Interviews and writing by Eliza Graumlich
Jude Valentine went to art school to make jewelry. Before long, however, she decided that the process involved too many torches. “I can handle a plumbing torch,” she clarified, “but they had these giant torches in the jewelry department. We had to anneal things. I couldn’t take the hammering.” She imitated the violent sizzle that molten glass makes upon entry into water: sssssszzzzzz. “It was just too much.”
Next, Valentine wanted to try painting. Her school gave her a studio directly outside of the printmaking department. “That’s where I started combining stuff,” she recalled. “I’d do these lithographs and then paint over them or do a painting and then print on top of it. At the time, you just didn’t do stuff like that. A print was a print.”
This September, Valentine used her residency at the Joseph A. Fiore Art Center to continue developing her innovative, cross-disciplinary techniques. “I draw, print and paint and it all ends up on one surface but at different times,” she explained. “The beauty of it is that I can get this immediacy with the marks but keep the media separate.” Her recent work depicts scenes from around the farm, with particular attention to the interface between water and forest, and to the trees themselves.
Valentine’s fascination with trees was first inspired by a Maine Farmland Trust initiative called Paint the Farm. As one of 40 artists participating in the program, she visited a 200-year-old pear orchard in Thorndike, Maine that had recently been spared from development. “I had this incredible experience walking around among the trees,” Valentine said. “It was so welcoming. It was a fall day and it was late afternoon so the light was very orange and long. I spent about 2 hours just walking around and sketching the trees and felt this incredible appreciation from the orchard.” She backtracked. “I mean, this sounds ridiculous, but now that I’m reading this book, I get it.”
The book that Valentine referenced was The Secret Life of Trees by German forester Peter Wohlleben. It describes the complex systems that trees use to communicate, involving smell, taste and electrical impulses. “All trees are in contact with one another. They share space, so if one of them is needing light the other will turn its branches, over time, as they have a different sense of time,” Valentine summarized. “There’s this whole world that’s opening up to us, the more sensitive we become. That’s my interest.”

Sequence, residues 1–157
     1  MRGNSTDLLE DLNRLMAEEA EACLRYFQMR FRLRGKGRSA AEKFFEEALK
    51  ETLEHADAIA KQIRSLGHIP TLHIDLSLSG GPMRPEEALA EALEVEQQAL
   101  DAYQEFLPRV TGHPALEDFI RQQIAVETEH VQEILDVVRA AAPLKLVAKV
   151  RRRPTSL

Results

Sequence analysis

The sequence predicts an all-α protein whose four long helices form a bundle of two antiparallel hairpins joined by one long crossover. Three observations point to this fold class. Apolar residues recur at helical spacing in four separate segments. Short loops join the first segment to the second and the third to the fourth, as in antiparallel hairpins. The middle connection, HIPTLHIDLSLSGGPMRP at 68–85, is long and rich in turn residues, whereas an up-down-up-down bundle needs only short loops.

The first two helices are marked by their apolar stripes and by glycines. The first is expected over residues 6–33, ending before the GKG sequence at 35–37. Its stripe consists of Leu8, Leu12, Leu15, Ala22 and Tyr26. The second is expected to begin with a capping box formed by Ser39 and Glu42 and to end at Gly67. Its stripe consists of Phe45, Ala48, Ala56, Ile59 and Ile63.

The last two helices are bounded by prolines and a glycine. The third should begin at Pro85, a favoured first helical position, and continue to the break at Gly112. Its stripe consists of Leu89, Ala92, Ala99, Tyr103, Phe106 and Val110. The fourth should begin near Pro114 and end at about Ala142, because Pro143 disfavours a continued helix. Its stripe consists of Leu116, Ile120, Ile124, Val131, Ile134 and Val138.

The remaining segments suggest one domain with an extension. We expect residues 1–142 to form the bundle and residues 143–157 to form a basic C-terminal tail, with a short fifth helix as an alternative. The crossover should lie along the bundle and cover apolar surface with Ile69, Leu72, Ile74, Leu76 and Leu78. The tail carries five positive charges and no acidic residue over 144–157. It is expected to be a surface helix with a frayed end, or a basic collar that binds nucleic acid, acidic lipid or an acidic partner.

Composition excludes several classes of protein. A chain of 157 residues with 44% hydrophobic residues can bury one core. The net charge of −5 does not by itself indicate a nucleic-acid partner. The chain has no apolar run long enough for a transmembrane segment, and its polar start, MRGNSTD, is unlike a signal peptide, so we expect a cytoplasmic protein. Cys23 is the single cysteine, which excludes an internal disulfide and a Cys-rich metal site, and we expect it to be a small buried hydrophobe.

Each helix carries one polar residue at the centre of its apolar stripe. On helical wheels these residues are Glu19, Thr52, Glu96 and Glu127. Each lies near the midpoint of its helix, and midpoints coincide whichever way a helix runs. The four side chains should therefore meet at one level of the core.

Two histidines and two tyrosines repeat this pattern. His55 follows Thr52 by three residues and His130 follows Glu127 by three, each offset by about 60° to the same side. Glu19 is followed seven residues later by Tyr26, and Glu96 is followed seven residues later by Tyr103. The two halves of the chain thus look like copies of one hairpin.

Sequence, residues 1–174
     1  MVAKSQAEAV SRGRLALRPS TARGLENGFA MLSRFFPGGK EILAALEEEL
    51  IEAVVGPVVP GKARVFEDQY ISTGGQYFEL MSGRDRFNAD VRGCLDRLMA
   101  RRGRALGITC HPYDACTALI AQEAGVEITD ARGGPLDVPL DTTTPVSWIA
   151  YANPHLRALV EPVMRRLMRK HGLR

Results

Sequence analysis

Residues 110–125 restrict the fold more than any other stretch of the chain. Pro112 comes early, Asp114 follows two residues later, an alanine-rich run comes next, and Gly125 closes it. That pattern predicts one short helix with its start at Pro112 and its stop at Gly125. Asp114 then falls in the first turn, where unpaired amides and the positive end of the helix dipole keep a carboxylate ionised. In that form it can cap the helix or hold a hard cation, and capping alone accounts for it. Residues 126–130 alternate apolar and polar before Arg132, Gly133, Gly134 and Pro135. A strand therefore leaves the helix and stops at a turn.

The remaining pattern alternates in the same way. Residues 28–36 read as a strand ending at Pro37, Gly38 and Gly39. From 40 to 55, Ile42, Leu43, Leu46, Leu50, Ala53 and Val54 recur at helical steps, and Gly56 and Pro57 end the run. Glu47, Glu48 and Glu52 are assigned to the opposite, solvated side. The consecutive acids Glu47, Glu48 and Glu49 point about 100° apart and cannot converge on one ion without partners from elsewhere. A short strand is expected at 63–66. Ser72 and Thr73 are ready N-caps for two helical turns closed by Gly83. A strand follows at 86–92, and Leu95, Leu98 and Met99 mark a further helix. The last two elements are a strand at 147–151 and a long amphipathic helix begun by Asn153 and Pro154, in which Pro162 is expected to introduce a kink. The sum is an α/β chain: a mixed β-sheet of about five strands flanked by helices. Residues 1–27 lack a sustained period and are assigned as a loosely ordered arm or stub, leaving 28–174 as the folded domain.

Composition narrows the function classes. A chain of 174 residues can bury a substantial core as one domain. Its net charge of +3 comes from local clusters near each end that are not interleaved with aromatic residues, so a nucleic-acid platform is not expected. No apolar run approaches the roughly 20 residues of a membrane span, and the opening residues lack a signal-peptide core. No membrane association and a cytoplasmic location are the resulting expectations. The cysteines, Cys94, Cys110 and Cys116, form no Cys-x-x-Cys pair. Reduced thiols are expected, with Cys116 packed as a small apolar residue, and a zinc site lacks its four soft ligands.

After her afternoon in the pear orchard, Valentine produced a series of tree monoprints. Then, last year, for a residency in the White Mountain National Forest, she made a series of chalk drawings featuring trees. The drawings were dark and dense, a stark contrast to the brightly colored works pinned to the walls of the studio when I visited. Though Valentine arrived in Jefferson planning to continue her study of trees, she has since expanded her focus to include the landscape more generally: “The hills here have this dynamic energy that isn’t quite as claustrophobic as the forest.” She has also started to incorporate more color in her work and pay closer attention to light and shadows, and how they can imply that which lies beyond the frame.
When Valentine is not painting, printing or drawing, she is listening and looking. Much of our conversation was spent simply talking about the scenes she’s observed in and around her studio: a chipmunk who scurried to the corner of the studio just to turn back around and eye her, a red squirrel that left a nut outside of her door some days later and a formation of turkeys that emerged from the trees to confront a flock of visiting Canadian geese. She revealed that, if you listen closely, you can hear leaves falling on the metal roof above—a sound not to be mistaken for raindrops!
Though many residents at the farm speak to the stillness and quiet inherent to the place, Valentine begged to differ. “There’s really a lot happening! It’s alive. It wants to speak. There’s a real richness here and all we need to do is listen,” she told me. I asked, “Can you tell me more about listening?” Before Valentine could respond, and with perfect comedic timing, the echoes of a loud scurry interrupted our conversation. “Mr. Chips!” Valentine cried.